You can see in the photos that over the years the front on the one on the left had the interior sidewalls of the cabinet painted in that awful green paint, felt lined the back of the case, which I think is original because it covers slatted pine planks in the back and its border has trim covering the seams. The cabinet on the right was converted (according to Boogie) to a fishing tackle display in the 1950-60’s.

I didn’t remember them as a kid but my father always told me those cabinets used to have plaques on them that said “Winchester” (as did Boogie who passed in 2013 at the age of 79). At the center of each lower cabinet door is a void where the plaques used to be. The story goes that the plaques were pulled off the cabinets by Boogie prior to their sale to my father.  However, my father ended up with one of them at the time of the sale and managed to squeeze another out of him a few years later before Boogie has sold the remaining 6. 

The cabinets survived the fire in the late 1970’s that put my father out of business and have resided in a couple barns ever since.  As I mentioned earlier, I came across the pair of plaques in the back of my fathers desk drawer and presumed them to be the ones off the cabinets. They look to have been etched by fire—there is also beading of the varnish on the cabinet doors as a result of the one of the fires. All the nail holes on the door fronts match the fastener holes on the plaques.

I was hoping to find a little history behind these things and confirm what I have been told all these years.  The 1905-10 date I was given may be a little early based on the font style and use of the word “Trade Mark” on the plaque. Its close, but I was hoping that someone may have seen something similar in their travels or in an old hardware store photo. Any information or leads would be greatly appreciated.

They are a little worse for wear after all these years. I have most of the piece parts (except the 6 plaques) and hope to work on them this winter, getting them back to their original condition.    

Here are a few pics

 

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June 24, 2015 - 12:51 am
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Great post Chris, very interesting. Yes, the green paint may need to go as part of the restoration. I sure enjoyed reading about the history of these cabinets and your recollections as a young boy. Its good to have all those memories of our dads from back in the day.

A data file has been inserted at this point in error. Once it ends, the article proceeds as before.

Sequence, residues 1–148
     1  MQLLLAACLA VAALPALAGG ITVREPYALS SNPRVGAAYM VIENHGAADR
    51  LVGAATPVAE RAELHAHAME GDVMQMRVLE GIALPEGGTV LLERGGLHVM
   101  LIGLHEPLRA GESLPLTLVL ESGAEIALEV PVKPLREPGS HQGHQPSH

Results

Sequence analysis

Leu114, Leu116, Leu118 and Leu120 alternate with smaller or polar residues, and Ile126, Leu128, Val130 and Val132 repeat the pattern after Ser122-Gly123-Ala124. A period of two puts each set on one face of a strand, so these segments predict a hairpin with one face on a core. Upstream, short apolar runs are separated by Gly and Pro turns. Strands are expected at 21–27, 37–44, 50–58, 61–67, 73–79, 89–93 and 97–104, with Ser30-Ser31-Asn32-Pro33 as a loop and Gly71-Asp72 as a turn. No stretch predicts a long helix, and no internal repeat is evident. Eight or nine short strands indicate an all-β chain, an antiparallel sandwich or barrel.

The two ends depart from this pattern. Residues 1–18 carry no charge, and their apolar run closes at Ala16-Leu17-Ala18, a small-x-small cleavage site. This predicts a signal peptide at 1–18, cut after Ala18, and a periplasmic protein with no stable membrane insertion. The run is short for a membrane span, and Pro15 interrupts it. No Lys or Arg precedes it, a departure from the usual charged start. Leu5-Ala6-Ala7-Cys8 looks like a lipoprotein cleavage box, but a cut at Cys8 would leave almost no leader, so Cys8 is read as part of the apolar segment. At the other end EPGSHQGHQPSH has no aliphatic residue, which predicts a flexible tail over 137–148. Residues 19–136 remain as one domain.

See you in Cody,

                                                                               ~Gary~

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June 24, 2015 - 2:29 am
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Thank you Gary for the comments. 

The cabinets have always been a curiosity to me.  Maybe one of these days I’ll find an old photo from the hardware store with them in it–the chances are likely slim to none.  I have searched online and whatever reference books I have and havent found much.  Pauline M. told me she had seen cabinets similar at the Product Service Dept (thanks again Pauline).    

You bet, see you at Cody.  Just hope the trip this time doesnt involve having to replace a transmission. 

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July 6, 2015 - 3:55 pm
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Very Nice! I’d get those babies restored in a minute. Make a great gun room discussion piece.

Sincerely,

Maverick

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July 8, 2015 - 6:13 am
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Thank you Maverick, and thank you for the PM.  I think your right, based on the font style of the face plates, the cabinets were constructed post 1911.  Boogie V. likely got the dates wrong, or was told wrong, in light of the information you provided regarding font styles on loading tool boxes and cartridge boxes. 

Best,

Chris